Mr Gandhi, president of the plumber association inaugurated the workshop. The CSE's staffer during his presentation explained in detail the various types of water harvesting structures and their construction methodology. He also explained the various case studies from Delhi and their impact on groundwater through PowerPoint presentation.

II. Exhibition Cum Workshop At Jamnabai Nursee School
A three day exhibition cum lecture on rainwater harvesting was organised by Jamnabai Nursee school, Vile parle between 13th - 15th of October 2003. The exhibition was jointed put up by CSE and Maharastra Natural Park. The exhibition was mainly on water related issues. The exhibition cum workshop was inaugurated by film actor Paresh Rawal.

Posters depicting traditional water harvesting practices and latest techniques and case studies were put up in the exhibition. The Mahrastra Natural Park has put up working model of rainwater harvesting in the stall.

The workshop was attended by parents and student from the school. The exhibition days started from 3 and ended at 6 PM and at the end of the session a presentation on rainwater harvesting was done by the CSE's staffer.

III. Workshop For Advanced Locality Management Group, (ALM)

A workshop for ALM was organised on 15th of October 2003 by Lotus Suites and The United States Asia Environmental Partnership Program (USAEP).

The United States Asia Environmental Partnership Program (USAEP) jointly along with Briham Mumbai Corporation (BMC) has recently entered the campaign and funding for rainwater harvesting in Mumbai. Its Deputy Director Nutan Zarakar, is interest in campaigning for rainwater harvesting along with CSE in Mumbai. The USAEP has also decided to fund the ALM's for implementing water harvesting.

The Lotus Suites of Orchid Hotel has decided to run a sustained campaign for the ALM programme of the Municipal Corporation of Greater Mumbai (MCGM). The ALM is a unique concept initiated by the MCGM about two years ago. Under this programme the residents of a particular area or lane take up the cleaning and maintenance of that place.

In the workshop around 50 ALM's from various parts of Mumbai participated in the workshop. In the presentation made by the CSE staffer he explained the alarming water situation in Mumbai and explained to the participants the case studies for Back Bay Bus Depo and Tata Institute of Social science. He also explained the benefits of rainwater harvesting through case studies from Delhi also.

Workshop on water for Kanpur schools

Members CSE Jal Swaraj members participated as resource persons in a two-day workshop organised by the Kanpur-based NGO, Eco-friends, on Sept. 27-28. More than 80 students from the 10 to 12th standard from 29 Kanpur schools, together with several teachers, participated in the workshop.

Inauguration of the two-day workshop
The workshop addressed five major themes: Ganga Action Plan; interlinking of rivers; rainwater harvesting and drinking water quality. Students actively participated, especially in staging a play that dealt with mitigating the current water crisis.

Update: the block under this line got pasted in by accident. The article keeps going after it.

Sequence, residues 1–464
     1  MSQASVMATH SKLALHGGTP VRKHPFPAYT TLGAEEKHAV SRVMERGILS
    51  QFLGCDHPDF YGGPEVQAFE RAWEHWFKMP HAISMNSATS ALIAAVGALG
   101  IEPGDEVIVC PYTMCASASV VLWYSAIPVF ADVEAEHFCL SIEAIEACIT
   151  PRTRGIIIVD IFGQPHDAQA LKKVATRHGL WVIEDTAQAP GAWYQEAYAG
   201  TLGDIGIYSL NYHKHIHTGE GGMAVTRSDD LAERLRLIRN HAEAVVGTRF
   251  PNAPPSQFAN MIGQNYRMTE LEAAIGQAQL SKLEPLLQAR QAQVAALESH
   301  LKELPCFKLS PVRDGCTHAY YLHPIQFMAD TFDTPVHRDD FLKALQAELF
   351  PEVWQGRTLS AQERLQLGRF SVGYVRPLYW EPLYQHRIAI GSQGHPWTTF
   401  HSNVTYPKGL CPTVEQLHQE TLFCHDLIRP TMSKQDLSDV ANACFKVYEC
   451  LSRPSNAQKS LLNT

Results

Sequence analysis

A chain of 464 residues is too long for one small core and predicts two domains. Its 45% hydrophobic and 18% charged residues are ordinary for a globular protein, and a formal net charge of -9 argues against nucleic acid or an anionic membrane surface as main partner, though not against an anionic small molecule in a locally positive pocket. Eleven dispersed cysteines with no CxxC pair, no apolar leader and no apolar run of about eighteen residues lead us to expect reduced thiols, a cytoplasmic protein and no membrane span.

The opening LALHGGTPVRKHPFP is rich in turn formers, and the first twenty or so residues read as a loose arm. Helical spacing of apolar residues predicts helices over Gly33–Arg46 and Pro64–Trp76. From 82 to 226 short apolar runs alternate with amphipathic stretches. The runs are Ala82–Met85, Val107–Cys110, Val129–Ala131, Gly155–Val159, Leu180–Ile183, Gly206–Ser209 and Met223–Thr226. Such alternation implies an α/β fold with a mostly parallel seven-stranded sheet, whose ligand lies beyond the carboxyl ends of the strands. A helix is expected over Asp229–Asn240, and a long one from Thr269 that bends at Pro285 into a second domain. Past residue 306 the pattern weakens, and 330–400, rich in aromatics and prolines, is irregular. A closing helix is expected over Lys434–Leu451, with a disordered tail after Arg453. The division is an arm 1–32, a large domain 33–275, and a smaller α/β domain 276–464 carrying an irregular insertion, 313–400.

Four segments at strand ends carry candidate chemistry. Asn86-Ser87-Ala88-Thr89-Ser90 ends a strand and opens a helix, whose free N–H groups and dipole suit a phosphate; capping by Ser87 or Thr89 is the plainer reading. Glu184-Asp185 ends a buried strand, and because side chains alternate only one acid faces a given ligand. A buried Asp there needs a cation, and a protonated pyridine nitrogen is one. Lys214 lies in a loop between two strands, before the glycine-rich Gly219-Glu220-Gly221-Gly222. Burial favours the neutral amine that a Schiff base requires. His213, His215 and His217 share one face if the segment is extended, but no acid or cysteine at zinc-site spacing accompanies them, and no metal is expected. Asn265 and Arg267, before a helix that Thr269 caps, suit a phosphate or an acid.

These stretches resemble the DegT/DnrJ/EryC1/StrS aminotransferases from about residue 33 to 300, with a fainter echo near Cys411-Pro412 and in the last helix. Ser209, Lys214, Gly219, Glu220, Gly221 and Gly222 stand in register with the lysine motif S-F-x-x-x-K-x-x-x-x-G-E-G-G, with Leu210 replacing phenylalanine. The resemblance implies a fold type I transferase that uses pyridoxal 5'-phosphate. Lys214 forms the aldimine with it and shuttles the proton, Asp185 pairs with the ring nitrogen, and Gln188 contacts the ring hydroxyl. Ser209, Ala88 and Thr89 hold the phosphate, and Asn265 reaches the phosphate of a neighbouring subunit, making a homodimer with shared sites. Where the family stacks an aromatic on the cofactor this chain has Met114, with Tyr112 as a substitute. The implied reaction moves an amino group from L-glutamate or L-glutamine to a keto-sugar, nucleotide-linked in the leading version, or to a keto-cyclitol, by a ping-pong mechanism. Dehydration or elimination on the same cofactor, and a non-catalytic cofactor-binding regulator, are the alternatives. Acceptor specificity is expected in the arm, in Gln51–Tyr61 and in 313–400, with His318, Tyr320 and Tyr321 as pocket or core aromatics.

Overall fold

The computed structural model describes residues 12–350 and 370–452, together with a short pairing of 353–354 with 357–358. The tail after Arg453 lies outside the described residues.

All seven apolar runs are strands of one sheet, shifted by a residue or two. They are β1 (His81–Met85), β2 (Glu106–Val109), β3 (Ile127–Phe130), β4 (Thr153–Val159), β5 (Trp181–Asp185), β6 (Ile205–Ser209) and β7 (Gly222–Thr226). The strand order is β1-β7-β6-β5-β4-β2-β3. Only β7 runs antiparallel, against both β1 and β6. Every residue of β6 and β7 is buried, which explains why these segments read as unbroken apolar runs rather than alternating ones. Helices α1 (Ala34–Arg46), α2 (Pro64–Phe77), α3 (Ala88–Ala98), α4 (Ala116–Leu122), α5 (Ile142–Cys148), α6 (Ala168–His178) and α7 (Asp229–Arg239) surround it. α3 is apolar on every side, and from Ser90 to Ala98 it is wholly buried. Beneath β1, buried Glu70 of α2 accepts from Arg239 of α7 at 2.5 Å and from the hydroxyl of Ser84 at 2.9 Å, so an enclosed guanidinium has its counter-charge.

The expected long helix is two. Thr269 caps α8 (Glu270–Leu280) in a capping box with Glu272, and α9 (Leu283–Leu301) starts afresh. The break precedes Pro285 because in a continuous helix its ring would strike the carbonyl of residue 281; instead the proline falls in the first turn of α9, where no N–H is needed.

Many eminent professionals and government personnel attended the various sessions. During the first session on Ganga Action Plan (GAP), B P Shukla, CPCB, F U Rahman, PPCU and Dr Padma, IIT Kanpur, highlighted the ambitious plans, impact, failures and lessons learnt from implementing GAP.

B P Shukla said that 35 % of total sewage generated has been tackled in the first phase of the GAP. Using graphical presentations he explained how the river water quality has improved significantly due to interception of large quantities in Kanpur.

In his presentation on GAP, F U Rahman explained to the students the changes that will take place under Indo Dutch Ganga Action Plan Support Project. He said that by constructing the 200 MLD sewage treatment plant on the bank of River Pandu, Kanpur would be the only city in the central India, which treats the entire waster water before letting it to Ganga.

Dr Padma explained to the children's about the failure of the GAP in cleaning the river. She said that IIT Kanpur along with Eco Friends had conducted an independent survey on the existing treatment plants and ground water quality, which indicated the failure of GAP, as the pollution level is high.

During the second session on River Interlinking, water and energy expert Dr Sudhireendra Sharma, and Dr Bithin Datta, IIT Kanpur, spoke about the political, social and economic issues involved in the extremely ambitious Interlinking Rivers plan.

Dr Bithin Datta elaborated on the experiences of China and other countries concerning interlinking of rivers, and underscored the high costs involved -- estimated to about Rs. 560,000 crores - in implementing such a project.

In response to a student's query, that this plan could bring agricultural boom in the country, Sharma reiterated that the problem was not agricultural productivity or water availability but equitable distribution of foodgrains - something that this project cannot improve.